Movie Review: A “priest” made in prison, “Corpus Christi”


The Best International Feature Film Oscar, formerly titled “Best Foreign Language Film,” is going to Korea’s “Parasite” this year. Bong Joon Ho’s social satire is the closest this thing year’s Academy Awards have to a sure thing.

But Poland’s entry in the category, “Corpus Christi,” is a minor miracle in and of itself. Warm and faith-affirming, predictable — with just enough edge — it’s a bracing delight in the middle of decades of stories of Catholic Priests Behaving Badly.

Daniel (Bartosz Bielenia) is a hollow-eyed, hollowed-out young man finishing up his term in a Polish juvenile detention center. He goes along to get along with the awful routines there, standing watch while the prison toughs carry out sexual assaults, dreading the return of a thug who has a murderous grudge against him.

Sunday morning Mass is his break from routine. Father Tomasz (Lukasz Simlat) lets him help set up the service and relies on him to sing the Twenty-third Psalm every week.

But that dream Daniel has about the seminary is misguided, at best. He’s not the type, we think. Father Tomasz reminds him (in Polish, with English subtitles) that “no seminary takes ex-convicts” like him. No, the job at a distant sawmill is the best he can hope for upon release.

As if to make the good Father’s point, Daniel swipes a clergical collar, shirt and outfit when he checks out. He ducks into town long enough for a sex, drugs, punk-rock and booze binge, and boards the bus.

But his long walk from the bus to the mill lets us see his despair at this future. Everybody he meets guesses his story — ex-con, sawmill bound. His quick look-over the place firms his resolve that it’s not for him.

Becoming a fake priest? That happens by accident. He ducks into the local church, misses the final mass of the day, and when the pretty daughter (Eliza Rycembel) asks him what he does as he assures her he is NOT working in the mill, he improvises.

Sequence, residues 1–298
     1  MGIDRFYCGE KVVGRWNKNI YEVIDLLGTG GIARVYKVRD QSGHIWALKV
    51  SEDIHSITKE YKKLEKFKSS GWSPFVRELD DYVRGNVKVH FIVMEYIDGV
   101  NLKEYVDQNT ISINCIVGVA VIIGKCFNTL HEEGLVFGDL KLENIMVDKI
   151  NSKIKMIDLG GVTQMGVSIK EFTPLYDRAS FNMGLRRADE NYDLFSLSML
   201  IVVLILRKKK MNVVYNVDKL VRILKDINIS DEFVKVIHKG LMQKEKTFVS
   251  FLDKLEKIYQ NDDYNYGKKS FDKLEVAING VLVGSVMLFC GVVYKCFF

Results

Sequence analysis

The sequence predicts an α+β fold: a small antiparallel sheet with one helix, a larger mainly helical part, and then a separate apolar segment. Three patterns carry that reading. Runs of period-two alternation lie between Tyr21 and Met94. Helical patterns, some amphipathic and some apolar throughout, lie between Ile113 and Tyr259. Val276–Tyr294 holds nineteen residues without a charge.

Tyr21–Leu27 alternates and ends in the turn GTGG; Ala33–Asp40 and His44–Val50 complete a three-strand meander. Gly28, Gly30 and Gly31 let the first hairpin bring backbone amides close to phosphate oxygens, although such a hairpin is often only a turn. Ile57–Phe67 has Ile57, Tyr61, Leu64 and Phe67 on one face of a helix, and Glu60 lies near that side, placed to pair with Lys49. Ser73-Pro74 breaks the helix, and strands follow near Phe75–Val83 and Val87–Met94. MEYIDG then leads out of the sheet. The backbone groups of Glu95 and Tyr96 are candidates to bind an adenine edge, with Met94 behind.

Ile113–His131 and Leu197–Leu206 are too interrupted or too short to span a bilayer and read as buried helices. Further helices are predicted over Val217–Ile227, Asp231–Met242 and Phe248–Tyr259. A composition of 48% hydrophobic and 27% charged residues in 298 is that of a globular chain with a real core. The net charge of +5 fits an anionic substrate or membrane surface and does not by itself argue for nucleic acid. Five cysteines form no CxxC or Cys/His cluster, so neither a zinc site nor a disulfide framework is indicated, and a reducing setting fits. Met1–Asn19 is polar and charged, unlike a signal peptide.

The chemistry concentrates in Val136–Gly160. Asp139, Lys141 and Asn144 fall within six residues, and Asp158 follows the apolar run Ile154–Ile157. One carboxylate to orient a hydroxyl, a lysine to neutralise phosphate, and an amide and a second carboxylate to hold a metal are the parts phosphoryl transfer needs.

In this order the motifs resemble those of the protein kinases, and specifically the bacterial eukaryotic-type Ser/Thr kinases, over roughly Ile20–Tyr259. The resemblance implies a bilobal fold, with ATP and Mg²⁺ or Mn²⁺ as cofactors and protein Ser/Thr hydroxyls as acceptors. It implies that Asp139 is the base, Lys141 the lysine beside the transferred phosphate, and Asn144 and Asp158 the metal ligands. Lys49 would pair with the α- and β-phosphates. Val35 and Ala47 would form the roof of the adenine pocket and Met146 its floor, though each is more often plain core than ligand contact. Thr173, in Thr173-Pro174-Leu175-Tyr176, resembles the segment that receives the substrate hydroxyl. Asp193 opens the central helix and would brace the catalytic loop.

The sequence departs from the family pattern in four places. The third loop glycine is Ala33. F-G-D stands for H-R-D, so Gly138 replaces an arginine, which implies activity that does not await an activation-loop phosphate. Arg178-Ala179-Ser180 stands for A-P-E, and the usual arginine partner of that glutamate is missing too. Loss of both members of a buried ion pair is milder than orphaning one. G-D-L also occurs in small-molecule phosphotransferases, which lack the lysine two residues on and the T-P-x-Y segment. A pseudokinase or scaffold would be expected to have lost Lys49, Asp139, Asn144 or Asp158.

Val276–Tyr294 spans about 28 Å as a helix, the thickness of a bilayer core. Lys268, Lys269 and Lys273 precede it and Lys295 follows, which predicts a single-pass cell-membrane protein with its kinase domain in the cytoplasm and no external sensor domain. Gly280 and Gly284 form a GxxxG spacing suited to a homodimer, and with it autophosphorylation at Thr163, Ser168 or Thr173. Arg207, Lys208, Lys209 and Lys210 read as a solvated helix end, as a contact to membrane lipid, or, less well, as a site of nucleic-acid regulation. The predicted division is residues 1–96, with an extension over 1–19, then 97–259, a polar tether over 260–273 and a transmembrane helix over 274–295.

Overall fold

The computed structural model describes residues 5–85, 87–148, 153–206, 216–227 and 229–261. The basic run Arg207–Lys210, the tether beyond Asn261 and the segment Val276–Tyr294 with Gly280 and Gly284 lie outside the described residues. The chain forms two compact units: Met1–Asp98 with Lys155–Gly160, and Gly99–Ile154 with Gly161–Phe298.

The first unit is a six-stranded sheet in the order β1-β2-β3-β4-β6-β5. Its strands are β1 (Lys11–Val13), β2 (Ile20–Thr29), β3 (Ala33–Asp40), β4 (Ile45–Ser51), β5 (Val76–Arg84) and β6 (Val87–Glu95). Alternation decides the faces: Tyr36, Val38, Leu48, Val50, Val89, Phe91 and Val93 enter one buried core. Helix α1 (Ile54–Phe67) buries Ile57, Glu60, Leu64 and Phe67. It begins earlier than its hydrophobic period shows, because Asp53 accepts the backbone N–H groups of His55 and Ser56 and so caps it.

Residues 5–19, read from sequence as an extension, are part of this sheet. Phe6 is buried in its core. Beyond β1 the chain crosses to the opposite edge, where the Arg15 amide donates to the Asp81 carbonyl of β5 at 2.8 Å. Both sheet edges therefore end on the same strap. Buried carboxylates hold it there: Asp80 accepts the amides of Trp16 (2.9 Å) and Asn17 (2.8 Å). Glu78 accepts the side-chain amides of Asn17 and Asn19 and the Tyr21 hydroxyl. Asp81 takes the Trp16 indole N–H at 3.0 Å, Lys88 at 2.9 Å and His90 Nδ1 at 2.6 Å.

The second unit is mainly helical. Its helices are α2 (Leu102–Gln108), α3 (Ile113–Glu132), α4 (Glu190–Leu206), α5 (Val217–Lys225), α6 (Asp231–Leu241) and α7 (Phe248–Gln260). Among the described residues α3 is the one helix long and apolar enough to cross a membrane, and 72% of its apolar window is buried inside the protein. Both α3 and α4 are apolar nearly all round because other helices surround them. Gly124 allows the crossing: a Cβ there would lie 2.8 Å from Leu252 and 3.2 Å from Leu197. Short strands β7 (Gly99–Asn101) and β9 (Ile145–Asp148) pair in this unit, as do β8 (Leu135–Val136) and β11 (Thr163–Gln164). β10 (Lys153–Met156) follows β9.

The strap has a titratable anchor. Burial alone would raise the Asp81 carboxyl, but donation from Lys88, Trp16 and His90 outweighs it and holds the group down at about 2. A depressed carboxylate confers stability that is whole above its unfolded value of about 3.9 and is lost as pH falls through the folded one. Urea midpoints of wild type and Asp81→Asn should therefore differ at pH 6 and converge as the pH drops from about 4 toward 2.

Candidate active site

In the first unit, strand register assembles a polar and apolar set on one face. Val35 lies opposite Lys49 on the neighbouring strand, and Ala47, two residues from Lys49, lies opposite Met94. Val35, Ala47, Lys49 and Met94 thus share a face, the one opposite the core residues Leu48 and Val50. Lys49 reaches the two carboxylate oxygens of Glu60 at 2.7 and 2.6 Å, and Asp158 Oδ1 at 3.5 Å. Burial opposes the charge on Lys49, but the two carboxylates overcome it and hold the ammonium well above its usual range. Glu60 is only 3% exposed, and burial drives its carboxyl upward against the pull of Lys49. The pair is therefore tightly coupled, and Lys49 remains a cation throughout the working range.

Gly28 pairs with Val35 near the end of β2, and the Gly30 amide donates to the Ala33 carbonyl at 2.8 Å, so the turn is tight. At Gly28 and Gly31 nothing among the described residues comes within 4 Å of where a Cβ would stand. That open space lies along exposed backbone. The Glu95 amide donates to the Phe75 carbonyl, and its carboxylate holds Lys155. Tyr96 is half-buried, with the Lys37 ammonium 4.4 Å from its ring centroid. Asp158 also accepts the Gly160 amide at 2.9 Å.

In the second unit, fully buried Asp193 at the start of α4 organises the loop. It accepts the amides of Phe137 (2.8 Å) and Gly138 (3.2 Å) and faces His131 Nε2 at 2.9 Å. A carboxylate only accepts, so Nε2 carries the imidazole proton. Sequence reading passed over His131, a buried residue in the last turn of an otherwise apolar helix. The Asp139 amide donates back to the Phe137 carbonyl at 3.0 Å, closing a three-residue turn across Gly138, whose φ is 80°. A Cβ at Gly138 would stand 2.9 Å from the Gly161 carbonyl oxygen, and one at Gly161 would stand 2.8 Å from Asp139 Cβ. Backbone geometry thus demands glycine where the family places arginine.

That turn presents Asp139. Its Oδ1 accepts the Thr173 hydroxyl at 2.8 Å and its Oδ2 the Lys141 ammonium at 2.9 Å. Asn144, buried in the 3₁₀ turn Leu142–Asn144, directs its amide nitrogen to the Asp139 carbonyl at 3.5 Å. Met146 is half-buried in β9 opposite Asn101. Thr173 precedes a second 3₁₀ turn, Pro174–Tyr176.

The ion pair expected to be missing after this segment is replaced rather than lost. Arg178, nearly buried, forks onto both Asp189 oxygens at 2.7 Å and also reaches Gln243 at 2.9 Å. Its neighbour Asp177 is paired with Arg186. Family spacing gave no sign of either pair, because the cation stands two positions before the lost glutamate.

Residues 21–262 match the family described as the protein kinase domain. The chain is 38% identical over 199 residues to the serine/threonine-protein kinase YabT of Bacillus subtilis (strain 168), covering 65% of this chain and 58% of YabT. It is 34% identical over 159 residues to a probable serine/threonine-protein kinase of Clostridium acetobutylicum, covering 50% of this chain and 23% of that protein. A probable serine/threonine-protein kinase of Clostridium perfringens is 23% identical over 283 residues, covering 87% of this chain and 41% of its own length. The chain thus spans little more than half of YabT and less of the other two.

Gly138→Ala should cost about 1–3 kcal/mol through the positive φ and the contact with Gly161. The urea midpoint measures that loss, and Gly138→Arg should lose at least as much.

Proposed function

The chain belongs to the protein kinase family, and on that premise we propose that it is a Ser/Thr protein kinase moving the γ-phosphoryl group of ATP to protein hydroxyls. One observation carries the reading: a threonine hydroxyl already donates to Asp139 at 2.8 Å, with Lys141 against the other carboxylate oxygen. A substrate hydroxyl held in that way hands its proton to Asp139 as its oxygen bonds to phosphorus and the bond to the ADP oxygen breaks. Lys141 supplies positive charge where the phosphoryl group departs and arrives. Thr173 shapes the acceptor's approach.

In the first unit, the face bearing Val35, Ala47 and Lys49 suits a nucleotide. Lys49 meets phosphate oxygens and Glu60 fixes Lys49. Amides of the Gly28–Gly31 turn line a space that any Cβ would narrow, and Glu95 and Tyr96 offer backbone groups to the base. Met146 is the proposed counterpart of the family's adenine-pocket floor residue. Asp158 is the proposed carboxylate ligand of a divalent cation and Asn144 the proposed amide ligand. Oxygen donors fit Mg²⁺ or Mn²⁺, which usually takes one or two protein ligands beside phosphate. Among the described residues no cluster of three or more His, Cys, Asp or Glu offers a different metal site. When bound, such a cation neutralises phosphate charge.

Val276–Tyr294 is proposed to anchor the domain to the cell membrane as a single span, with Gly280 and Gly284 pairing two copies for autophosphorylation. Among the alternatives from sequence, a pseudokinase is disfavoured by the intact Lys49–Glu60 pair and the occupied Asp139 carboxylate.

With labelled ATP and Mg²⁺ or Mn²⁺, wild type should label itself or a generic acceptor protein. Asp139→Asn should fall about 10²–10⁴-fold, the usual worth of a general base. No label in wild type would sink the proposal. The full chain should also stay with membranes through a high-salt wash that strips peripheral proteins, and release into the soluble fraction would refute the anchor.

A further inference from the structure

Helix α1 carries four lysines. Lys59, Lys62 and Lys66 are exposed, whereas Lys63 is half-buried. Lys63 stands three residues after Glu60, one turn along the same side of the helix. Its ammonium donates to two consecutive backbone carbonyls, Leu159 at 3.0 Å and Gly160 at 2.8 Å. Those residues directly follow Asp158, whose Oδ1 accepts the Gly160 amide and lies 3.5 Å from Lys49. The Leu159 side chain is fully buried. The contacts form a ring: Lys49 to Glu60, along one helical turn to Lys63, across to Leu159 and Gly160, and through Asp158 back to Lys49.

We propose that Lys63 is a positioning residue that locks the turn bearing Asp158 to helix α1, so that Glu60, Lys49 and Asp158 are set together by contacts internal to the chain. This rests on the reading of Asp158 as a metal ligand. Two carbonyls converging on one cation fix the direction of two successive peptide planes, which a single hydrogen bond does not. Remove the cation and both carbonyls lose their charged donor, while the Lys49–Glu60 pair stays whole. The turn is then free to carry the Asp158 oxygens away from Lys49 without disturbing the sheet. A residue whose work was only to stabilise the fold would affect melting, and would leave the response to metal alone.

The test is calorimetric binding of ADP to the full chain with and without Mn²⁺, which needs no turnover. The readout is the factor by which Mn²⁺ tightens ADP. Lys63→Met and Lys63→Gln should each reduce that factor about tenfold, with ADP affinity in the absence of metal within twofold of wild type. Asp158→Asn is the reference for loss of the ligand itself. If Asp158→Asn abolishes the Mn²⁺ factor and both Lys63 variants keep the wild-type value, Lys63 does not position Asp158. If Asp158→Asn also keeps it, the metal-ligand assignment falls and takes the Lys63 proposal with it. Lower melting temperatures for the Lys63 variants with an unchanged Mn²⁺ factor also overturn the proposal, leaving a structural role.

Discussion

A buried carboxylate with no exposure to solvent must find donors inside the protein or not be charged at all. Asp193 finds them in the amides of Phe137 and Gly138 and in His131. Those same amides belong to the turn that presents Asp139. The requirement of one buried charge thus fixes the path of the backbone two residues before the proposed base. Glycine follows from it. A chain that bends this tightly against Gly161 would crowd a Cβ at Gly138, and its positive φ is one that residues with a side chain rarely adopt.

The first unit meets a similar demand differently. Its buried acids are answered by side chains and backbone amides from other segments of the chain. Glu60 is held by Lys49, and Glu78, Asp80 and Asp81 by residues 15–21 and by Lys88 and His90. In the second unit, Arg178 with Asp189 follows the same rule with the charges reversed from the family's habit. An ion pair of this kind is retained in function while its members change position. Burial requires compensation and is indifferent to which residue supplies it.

“I’m a priest.”

“And I’M a nun!”

Nothing impresses the ladies like a collar. Father uh, TOMASZ he calls himself, lying just well enough to pass muster with the aged vicar (Zdzislaw Wardejn), who basically invents his story with the questions he asks”Father Tomasz.”

He’s just out of seminary, and he’s on a wandering pilgrimage through the parishes of Poland. Come, help me with mass. Hey, I’m not feeling well, take confessions for me, wouldya?

Director Jan Komosa and screenwriter Mateusz Pacewicz trot Daniel and the viewer through a lot of predictably adorable “learn to be a priest on the fly” gags — Googling “How to take confession” on his smart phone, etc.

But Daniel, who won’t talk about why he was in prison, told this lie for a reason. You can’t call it a “calling,” but something about the robes, the responsibilities and the power of the position intoxicates him. As he’s parroting the last sermon we heard Father Tomasz give to the inmates in the prison, Daniel gets carried away.

And so does “Corpus Christi.”

Because for all the lighter touches, the predictable stations of the cross of such movies (fear of discovery, romantic temptation, “tests”), this is a town still in mourning for a terrible car accident that took several of its young people.

People are hurting, and hurting each other with blame. Daniel’s tossing common sense in the Confessional, and at Mass. How hard can healing this rift be?

Bielenia beautifully pitches his performance to match Daniel’s state — hollow-eyed and hollowed-out at first, with the ex-con’s avoid-eye-contact condition —  beatific, self-righteous and cocky as the circles clear up under his eyes, he finds his purpose and starts to flex his priestly muscles.

He’s “the cool young priest” who can drink beer and smoke with “the kids,” and he’s noticing the lovely, sad Eliza (who lost friends in the wreck) noticing him.

I found the entire enterprise a touching, rough-hewn delight, never sparing us the explicit sex and violence of Daniel’s life “before,” moist-eyed in seeing how his “outside the collar” thinking is a tonic for a tortured town that needs to move on.


MPAA Rating: unrated, violence, strong sexual content, profanity, alcohol abuse and smoking.

Cast: Bartosz Bielenia, Aleksandra Konieczna, Eliza Rycembel

Credits: Directed by Jan Komosa, script by Mateusz Pacewicz

Running time: 1:55


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